Your Executive Should Be Your Biggest Learning Champion. Here's How to Make That Happen.
October 5, 2017
A constant struggle for learning and development (L&D) leaders is getting their employees to allocate time for learning. Well, according Elliot Masie – the man who literally invented the word “eLearning” and founder of The MASIE Center, a learning think tank – the solution starts at the top.
“The number-one thing you can do to set the tone for a learning culture is have leaders be active, transparent and iconic learners,” Masie said.
That means making your CEO to be your biggest learning champion at your organization. Their influence will cascade down throughout your workforce, inspiring all of your employees to learn.
So, how do you make this happen? Masie suggests following these three tactics:
1. Encourage your executives to talk about their own learning journey.
If an executive designates an activity important, employees are likely to emulate that behavior. And this certainly applies to learning.
“Promote learning from the top-down,” Masie said. “Have the CEO or other C-level officers post key articles or content that they curate from places like LinkedIn Learning."
When senior leaders post articles they’re reading or courses their watching, employees are more likely to the same. There is a psychological reason for this called transference.
Michael Maccoby, leadership expert and president of The Maccoby Group, talks about the power of transference. Transference refers to the unconscious redirection of feelings or experiences from one person or experience to another; generally from a parent to a child. But, according to Maccoby, “Paternal transference has been so prevalent in traditional corporations that it has been considered normal behavior.”
This means that if an executive suggests you spend time learning, most employees will follow suit.
2. Give your CEO learning metrics they’ll care about.
Measuring the business impact of learning is not an easy task. According to LinkedIn research, business impact is the biggest measure desired by CEOs, yet only 8 percent currently see the business impact of L&D.
"Make learning measurable,” Masie said. “Give leaders metrics that are easy to leverage on their own. Hold leaders accountable for the culture shifts in their organization.”
Here are a few models that help L&D professionals provide the metrics help execs support learning initiatives:
8-Step ROI Institute Results Model:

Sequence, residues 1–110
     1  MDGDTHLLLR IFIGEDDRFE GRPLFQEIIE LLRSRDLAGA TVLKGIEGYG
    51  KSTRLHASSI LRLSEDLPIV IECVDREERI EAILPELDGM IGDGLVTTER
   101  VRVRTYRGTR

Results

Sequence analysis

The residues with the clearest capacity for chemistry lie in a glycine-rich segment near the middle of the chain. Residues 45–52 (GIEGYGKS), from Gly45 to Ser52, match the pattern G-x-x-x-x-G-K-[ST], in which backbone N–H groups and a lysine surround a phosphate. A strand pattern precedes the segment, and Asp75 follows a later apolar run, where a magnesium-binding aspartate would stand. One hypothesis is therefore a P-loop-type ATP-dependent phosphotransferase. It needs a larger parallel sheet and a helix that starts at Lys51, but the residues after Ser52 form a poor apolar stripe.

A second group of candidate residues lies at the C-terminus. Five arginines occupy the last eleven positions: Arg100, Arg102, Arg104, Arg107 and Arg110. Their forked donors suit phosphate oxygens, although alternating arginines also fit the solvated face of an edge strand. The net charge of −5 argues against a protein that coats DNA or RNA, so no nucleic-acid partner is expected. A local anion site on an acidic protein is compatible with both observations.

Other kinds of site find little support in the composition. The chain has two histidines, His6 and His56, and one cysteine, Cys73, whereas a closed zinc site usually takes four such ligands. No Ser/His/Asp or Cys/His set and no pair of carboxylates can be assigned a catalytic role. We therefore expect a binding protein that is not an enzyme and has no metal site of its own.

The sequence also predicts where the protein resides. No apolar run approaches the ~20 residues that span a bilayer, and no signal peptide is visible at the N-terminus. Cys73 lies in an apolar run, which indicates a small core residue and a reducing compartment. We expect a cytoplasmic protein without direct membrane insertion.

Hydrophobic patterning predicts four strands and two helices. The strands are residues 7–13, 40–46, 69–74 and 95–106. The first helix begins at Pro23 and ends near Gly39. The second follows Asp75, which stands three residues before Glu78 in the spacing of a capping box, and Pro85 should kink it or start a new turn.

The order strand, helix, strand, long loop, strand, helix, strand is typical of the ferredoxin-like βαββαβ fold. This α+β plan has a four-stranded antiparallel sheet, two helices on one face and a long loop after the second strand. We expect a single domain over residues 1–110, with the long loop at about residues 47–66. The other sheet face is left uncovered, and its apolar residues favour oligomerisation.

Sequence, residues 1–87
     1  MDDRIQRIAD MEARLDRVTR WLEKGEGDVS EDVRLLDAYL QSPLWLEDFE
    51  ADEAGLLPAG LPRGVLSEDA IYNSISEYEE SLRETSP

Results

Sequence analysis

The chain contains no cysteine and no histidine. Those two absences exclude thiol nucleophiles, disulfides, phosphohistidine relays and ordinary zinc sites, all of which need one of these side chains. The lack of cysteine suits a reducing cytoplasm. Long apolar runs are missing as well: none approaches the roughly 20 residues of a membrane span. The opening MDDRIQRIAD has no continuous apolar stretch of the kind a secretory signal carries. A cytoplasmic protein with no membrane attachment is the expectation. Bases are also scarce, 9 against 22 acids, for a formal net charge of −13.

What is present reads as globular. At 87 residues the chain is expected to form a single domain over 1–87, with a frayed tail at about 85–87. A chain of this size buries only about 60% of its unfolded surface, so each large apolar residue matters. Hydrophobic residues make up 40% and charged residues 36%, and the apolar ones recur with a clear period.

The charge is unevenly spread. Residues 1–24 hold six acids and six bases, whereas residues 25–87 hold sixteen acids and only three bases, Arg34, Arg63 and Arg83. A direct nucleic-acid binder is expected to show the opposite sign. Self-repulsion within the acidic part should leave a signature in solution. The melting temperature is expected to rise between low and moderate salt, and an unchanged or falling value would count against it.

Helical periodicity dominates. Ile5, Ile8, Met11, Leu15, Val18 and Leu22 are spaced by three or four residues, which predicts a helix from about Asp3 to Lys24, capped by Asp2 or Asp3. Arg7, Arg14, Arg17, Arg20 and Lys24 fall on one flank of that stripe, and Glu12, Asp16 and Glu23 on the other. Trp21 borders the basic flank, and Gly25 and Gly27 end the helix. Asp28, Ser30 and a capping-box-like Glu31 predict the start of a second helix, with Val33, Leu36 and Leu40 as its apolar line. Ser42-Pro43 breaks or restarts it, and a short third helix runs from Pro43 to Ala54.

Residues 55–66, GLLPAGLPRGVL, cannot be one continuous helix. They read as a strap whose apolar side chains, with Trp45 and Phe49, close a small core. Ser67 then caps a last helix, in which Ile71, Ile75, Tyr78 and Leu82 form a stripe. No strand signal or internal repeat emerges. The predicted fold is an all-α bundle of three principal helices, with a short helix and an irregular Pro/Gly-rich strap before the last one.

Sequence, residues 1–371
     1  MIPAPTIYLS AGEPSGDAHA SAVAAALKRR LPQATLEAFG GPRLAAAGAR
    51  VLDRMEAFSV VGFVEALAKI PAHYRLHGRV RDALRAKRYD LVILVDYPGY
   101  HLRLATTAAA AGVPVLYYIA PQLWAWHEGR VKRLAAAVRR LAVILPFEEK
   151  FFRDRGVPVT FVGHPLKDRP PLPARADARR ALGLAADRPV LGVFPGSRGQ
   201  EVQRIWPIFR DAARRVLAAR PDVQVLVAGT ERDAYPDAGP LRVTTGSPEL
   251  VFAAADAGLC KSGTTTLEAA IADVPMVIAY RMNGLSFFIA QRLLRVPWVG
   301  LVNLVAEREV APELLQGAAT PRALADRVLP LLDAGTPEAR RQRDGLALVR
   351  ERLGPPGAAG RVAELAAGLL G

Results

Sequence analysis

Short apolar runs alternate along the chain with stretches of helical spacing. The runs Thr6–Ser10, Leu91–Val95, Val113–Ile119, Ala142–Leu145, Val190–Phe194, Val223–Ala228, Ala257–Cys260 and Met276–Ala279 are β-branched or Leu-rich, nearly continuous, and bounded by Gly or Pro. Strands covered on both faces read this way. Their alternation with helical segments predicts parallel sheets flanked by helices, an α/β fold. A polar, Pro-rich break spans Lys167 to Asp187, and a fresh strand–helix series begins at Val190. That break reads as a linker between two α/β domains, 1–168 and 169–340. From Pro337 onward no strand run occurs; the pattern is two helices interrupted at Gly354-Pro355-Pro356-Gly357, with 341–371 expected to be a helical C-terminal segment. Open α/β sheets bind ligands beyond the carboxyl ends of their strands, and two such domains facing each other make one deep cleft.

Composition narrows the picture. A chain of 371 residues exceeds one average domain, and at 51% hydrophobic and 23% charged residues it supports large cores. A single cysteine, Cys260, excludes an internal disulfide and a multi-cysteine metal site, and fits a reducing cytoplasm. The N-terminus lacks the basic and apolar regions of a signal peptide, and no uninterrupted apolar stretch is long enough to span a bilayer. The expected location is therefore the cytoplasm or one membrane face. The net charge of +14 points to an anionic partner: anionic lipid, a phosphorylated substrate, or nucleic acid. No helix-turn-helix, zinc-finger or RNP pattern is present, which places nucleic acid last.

- Start by answering the question ‘Why this program?’
- Select the right solution rather than any solution
- Design the solution for results that matter to the organization
- Make the solution matter to participants
- Make the solution stick through learning transfer and subsequent impact
- Tell a compelling story that is logical and credible
- Optimize results by analyzing what worked, what didn’t, and where to go from here
- Show the value of projects and programs
- Level 1: Reaction. The degree to which participants find the training favorable, engaging and relevant to their jobs
- Level 2: Learning. The degree to which participants acquire the intended knowledge, skills, attitude, confidence and commitment based on their participation in the training.
- Level 3: Behavior. The degree to which participants apply what they learned during training when they are back on the job.
- Level 4: Results. The degree to which targeted outcomes occur as a result of the training and the support and accountability package.
3. Take advantage of down periods.
During tough times, employees and leaders alike are most open to new ideas. This is where L&D departments can slide in – by pointing to ways employees, and the organization as a whole, can learn from mistakes, invites the vision for an optimistic future.
"Look to learning when times are tough,” Masie said. “Leaders need to talk about the gaps in learning culture or learning readiness when there are business failures or downswings. What did we fail to do to leverage learning internally as an asset?"
In the Financial Post article, “Surviving Downsizing: 7 Ways Leaders can maintain high productivity when times are tough”, the second action the Post recommends is to provide “opportunities for employees to take constructive action.” Encouraging employee learning provides the much-needed answer to the question, “what can I do to help?” or “how can I make myself most valuable during this time to keep my job?”.
It also helps employees feel that executives still believe in them. Rather than looking outside, an investment in learning says – we believe in your potential, and we are going to provide you with the tools needed to get you there.
Looking for more tactics on how to woo executives and gain their support? Check out The Modern Playbook: How to Overcome Top Challenges to Advance Your Learning Culture.